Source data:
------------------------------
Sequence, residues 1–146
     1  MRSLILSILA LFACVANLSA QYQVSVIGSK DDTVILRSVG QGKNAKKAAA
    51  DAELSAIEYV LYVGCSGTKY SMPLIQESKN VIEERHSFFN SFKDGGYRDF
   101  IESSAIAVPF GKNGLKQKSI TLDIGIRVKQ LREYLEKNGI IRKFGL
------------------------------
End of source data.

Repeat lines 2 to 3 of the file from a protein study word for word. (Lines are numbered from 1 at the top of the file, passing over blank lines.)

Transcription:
     1  MRSLILSILA LFACVANLSA QYQVSVIGSK DDTVILRSVG QGKNAKKAAA
    51  DAELSAIEYV LYVGCSGTKY SMPLIQESKN VIEERHSFFN SFKDGGYRDF